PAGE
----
Based on the combination of acids, I figured the taste would work best as a substitute for lime. I substituted the juice for lime juice in a gimlet and in a daiquiri, and both were spectacular. A couple nights later, at the local cocktail book club meeting (where we were, not coincidentally, discussing ‘Liquid Intelligence’) we tried it in a Last Word. Aside from being a bit to sweet (the pineapple juice has about 8 times the sugar as lime juice), this was also quite good. The only recipe I’ve found it to be an unsatisfying substitute for lime juice is a margarita.

Next time I’m going to try getting the acid ratio a little closer to the 7:1 ratio of pineapple juice (so 4.2 g citric and 0.6 g malic per 100ml) to see how that affects the flavor. My guess is that this will make it a better candidate for replacing lemon than lime.

Lime Strength Pineapple Juice
Peel and core a pineapple. Blend and strain, or run through a juicer. For every 100 ml of juice extracted add:
3.9 g citric acid
0.9 g malic acid
Stir until dissolved. Refrigerate, keeps at least a week, but the flavour is best right away. Use in place of lime in any recipe, but reduce the amount of simple syrup or liqueur or it will be a bit too sweet.

Pineapple Gimlet

Heart of Gold
60 ml gin
25 ml lime strength pineapple juice
20 ml simple syrup
Shake with ice. Strain into a cocktail glass.

The William Revisited

On my last post (over a year ago, whoops!) I gave a recipe for ‘The William’, an 1889 recipe for The Only William’s preferred whiskey sour.

At the time I was working on that drink I had to make a guess as to what Schmidt meant by pineapple syrup. I was recently reading Dave Arnold’s “Liquid Intelligence”, and decided to run The William through his formula for creating a balanced cocktail (in terms of ABC, sweetness, and acidity).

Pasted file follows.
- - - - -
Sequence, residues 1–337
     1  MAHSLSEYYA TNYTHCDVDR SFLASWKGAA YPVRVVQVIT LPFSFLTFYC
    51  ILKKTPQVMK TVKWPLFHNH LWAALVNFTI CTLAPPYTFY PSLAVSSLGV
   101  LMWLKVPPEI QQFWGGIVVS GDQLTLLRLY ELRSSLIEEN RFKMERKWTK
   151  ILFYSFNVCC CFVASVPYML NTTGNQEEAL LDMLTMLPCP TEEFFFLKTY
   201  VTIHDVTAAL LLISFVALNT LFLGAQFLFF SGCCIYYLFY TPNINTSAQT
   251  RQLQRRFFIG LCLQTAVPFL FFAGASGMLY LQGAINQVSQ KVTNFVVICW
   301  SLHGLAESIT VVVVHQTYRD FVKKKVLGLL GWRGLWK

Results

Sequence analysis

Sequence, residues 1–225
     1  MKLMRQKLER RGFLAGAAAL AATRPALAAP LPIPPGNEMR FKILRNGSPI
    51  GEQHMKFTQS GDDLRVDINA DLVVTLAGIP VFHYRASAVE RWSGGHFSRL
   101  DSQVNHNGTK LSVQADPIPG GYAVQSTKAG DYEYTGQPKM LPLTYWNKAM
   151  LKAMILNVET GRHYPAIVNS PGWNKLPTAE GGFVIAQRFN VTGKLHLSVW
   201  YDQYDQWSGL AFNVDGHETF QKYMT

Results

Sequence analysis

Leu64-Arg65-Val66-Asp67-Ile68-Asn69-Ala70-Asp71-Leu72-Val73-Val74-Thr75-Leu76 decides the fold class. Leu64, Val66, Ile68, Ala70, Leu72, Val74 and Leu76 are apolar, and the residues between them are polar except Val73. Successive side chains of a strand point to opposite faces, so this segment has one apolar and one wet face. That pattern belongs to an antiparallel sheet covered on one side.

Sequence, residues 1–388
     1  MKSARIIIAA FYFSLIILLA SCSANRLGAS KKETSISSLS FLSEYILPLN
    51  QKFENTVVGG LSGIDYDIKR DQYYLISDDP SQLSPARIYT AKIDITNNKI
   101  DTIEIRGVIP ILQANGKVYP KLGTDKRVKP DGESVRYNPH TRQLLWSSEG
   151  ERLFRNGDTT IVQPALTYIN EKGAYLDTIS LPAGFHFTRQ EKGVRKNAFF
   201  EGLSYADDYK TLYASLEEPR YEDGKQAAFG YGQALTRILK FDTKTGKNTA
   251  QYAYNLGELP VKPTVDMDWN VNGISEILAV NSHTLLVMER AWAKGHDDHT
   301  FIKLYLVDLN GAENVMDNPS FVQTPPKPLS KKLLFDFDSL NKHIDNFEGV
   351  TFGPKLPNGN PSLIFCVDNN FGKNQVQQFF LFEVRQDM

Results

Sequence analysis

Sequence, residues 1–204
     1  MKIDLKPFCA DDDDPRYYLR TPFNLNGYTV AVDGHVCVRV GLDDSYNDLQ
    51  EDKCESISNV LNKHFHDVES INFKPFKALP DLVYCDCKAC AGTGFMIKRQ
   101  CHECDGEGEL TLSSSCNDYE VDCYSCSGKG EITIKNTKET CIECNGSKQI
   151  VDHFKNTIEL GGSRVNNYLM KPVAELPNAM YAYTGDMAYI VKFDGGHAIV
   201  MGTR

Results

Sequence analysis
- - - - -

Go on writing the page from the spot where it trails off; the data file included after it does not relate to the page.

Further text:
Based on the results of that math, it seemed what I needed for the pineapple syrup spot was 10 ml of something twice as sweet and twice as acidic as pineapple juice, or, ideally, 5 ml of something 4 times as sweet and acidic. So I think that when Schmidt referred to pineapple syrup, there’s a good chance he meant pineapple juice that has been reduced to a syrup, instead of pineapple juice with sugar added.

Trying the drink with this new syrup definitely improved it (it wasn’t a bad drink before, but it’s great now). So here’s my corrected recipe:

The William
60 ml whiskey (Bulleit Bourbon)
15 ml lemon juice
15 ml orange juice
5 ml pineapple syrup* (about 5 mL seems right)
Barspoon of superfine sugar
Shake well with ice; strain.

* Pineapple syrup – boil pineapple juice until it reduces to 1/4 it’s original volume.

Repeal Day Cocktail: The William

William Schmidt
“What is the best recipe for a whiskey sour?”

“The finest,” said William [Schmidt], “is what is known as ‘The William.’ Take the juice of half a lemon, juice of a quarter orange, a dash of pineapple syrup and a barspoonful of sugar. Don’t put any seltzer in, for that would spoil it, but add an ordinary drink of whiskey. Then fill the glass with shaved ice and shake it well; serve in a fancy glass, and there you have a drink fit for a king.”

-The Evening World. (New York, NY), 15 Nov. 1889.

In honour of Repeal Day I’m forgoing the Playboy Host & Bar Book and attempting to re-create a pre-prohibition cocktail invented by “The Only William”, William Schmidt, of ‘the bar by the bridge’. Schmidt was a prolific inventor of cocktails, designing hundreds of the course of his career. He was quite creative in naming them, as well, so he must have thought highly of this one to have named it ‘The William’. Strangely, despite bestowing this honour on it, this drink didn’t show up in his 1891 book ‘The Flowing Bowl’; it doesn’t appear in any other publications, paper or online, that I can find either.

William
The William
2 oz whiskey (Bulleit Bourbon)
½ oz lemon juice
½ oz orange juice
Dash of pineapple syrup* (about 10 mL seems right)
Barspoon of superfine sugar (I ground table sugar up with a mortar and pestle)
Shake well with ice; strain.

At first I tried it with Alberta Premium Rye Whisky, and it was just okay. Then I tried it again with Bulleit Bourbon and it was excellent. The hint of sour from the pineapple worked well with the lemon to give this enough bite to counter the sweetness of the orange and sugar, and the caramel and vanilla notes of the bourbon really shine through.  This one I will make again.

* Pineapple syrup – equal parts sugar and pineapple juice, heat just enough to dissolve the sugar.

Carrillo’s Honeymoon

I just made up a fresh batch of falernum yesterday and was looking for something to make with it. At first I was thinking about making a Frosty Dawn, but then I noticed that I’d been left with a bottle of brandy after our last party so decided to try a different drink from the same creator.

Honeymoon

Honeymoon Cocktail
1 ounce brandy
1 ounce orange juice
¼ ounce Cointreau
¼ ounce Falernum
Shake over shaved ice and serve